The Defenders [CBS, Wednesdays, 10/9C] turns out not to be a re-imagining of a 1961 legal series about a couple of lawyers who didn’t always win [which was groundbreaking stuff in 1961]. Instead, it’s a fictionalization of a couple of Vegas lawyers with a reputation for trying anything to win, and partying like it’s 1999 when they’re not actively working.
The premiere opens with Pete Kaczmarek [Jerry O’Connell] bidding a flight attendant goodbye as she rushes off to get to her next flight [her parting words are our headline] – and then passing off his firm’s newest associate, Lisa Tyler [Jurnee Smollett] as a new judge to take a shortcut to the first client of the day – pausing briefly to introduce her to the ADA [Natalie Zea] who will be prosecuting the case. From there, he’s off to haul his partner, Nick Morelli [Jim Belushi] out of a bar, where he’s been examining photos of his separated wife and someone he’s sure she’s having an affair with.
Their harried receptionist, Zoe [Tanya Fischer], wears cleavage revealing clothes and three colors of eye shadow. She sounds like an import for from some nebulous mix of Jersey and the Bronx. One of the things that she finds most vexatious is that Pete wants tickets to a Frank Sinatra Jr. concert and they just aren’t there to found [this ties into the arc involving Nick’s future ex]. One of their associates, Clyde [Bruce Jarchnow], is “the best adult entertainment lawyer in town.”
At this point, I’m considering just turning of my DVD player, but I decide that these two less than wonderful guys might be different inside the courtroom. I’m not altogether wrong – but I’m not right, either.
Their first case is a kidnapping charge, but it’s Dan Shepherd – charged with murder – who pulls Nick out of his drunken state. Shepherd was going to take a plea, but since his actions were against three guys who almost beat his brother to death, he’s decided to go to trial. And when testimony is given about the trajectory of the bullet, Nick pulls a stunt with a glass of water – inspired by something he sees when he’s watching a baseball game on TV with his son. It’s not the first unorthodox move in the case and it won’t be the last.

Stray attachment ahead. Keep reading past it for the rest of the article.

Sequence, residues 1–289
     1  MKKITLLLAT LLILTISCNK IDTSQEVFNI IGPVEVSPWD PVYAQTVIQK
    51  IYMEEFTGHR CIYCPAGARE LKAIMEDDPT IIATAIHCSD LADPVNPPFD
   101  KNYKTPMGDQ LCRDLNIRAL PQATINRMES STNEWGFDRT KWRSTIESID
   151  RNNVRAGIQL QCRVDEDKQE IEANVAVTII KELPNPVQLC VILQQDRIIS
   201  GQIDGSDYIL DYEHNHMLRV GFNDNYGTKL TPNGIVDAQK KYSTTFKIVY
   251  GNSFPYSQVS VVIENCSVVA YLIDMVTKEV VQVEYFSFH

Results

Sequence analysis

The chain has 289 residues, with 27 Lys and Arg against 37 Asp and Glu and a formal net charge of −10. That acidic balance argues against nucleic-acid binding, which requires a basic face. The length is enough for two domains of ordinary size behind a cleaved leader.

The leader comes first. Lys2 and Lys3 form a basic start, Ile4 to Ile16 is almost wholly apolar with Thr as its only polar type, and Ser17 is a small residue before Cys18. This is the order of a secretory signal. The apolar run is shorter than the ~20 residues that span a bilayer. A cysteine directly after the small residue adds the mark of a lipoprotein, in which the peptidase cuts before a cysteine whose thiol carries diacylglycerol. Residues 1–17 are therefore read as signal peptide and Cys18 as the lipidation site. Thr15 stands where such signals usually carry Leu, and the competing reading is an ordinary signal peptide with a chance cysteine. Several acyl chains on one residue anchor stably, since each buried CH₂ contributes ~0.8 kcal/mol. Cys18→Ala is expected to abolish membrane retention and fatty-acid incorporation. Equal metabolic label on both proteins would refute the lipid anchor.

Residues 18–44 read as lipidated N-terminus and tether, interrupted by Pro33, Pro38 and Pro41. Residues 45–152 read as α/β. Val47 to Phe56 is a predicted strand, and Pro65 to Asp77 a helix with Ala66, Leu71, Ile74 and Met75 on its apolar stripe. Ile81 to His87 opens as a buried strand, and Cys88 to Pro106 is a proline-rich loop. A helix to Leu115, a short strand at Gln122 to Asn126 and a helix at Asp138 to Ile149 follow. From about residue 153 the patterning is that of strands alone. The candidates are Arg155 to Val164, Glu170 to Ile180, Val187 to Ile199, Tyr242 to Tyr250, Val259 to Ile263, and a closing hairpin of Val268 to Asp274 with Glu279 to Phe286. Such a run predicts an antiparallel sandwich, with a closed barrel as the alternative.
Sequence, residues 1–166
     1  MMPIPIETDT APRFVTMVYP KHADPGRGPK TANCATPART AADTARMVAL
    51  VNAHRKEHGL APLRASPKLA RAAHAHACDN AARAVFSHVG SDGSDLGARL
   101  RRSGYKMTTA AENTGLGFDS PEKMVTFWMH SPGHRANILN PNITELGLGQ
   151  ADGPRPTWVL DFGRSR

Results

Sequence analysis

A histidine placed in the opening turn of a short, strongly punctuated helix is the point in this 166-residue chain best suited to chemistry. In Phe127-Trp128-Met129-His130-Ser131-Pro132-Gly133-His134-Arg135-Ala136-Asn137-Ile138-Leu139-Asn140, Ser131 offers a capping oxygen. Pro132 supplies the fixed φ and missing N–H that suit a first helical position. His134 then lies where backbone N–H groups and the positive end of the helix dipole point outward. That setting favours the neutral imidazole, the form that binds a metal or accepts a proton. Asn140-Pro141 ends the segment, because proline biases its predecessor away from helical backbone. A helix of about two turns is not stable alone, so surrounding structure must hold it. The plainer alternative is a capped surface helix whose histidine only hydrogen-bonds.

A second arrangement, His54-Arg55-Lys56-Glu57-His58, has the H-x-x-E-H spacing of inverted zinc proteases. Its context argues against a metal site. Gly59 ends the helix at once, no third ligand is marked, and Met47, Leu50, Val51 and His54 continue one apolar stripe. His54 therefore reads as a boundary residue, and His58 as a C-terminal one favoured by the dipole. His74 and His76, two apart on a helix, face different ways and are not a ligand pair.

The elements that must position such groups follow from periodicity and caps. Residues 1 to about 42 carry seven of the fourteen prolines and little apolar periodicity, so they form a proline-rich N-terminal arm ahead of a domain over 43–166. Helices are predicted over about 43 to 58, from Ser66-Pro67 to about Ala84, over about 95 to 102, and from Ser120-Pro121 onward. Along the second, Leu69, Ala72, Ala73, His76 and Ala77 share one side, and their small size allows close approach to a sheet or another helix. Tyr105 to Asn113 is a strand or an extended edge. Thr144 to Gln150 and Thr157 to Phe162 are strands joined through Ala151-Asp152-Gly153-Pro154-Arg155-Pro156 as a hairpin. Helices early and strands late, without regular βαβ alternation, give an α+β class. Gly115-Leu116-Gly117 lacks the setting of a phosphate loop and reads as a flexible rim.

Then there’s the arc with Lisa, who tears a strip off Pete for leaving her to handle Raymond, the alleged kidnapper’s plea – and Pete response, just before he puts her to work on the Shepherd case and she finds something everyone else had missed in a witness’ deposition.
Adding to the twists in the case, the presiding judge is played by Stephen Root [Office Space, NewsRadio] and he’s not your average justice. By now, I’m thinking that things are getting to be a bit much – but fair is fair, and I soldier on. Then I see how Pete negotiates a plea for Raymond, the alleged kidnapper. Yikes!
I have to say that, based on the premiere, I might occasionally check in on The Defenders if there’s nothing else on. Judging by the premiere [sorry – it was there], the writers [in this case, Kevin Kennedy and Niels Mueller] are not nearly as clever, or witty, as they think they are. The pilot feels forced – like they were thinking, it’s Vegas; we’ve gotta make it BIG!
That I made it through the ep I credit to director Davis Guggenheim [Deadwood, Waiting for Superman]. It’s not just that he keeps things humming along – it’s that he manages to make these characters come across as more than the collection of oddities that they are on paper. Somehow, he makes connections that shouldn’t really exist.
Plus, there’s the fact that Belushi and O’Connell are likable and charismatic guys – and The Defenders is, in no way, as bad as the deplorable According to Jim [and talk about damning with faint praise].
Final Grade: C+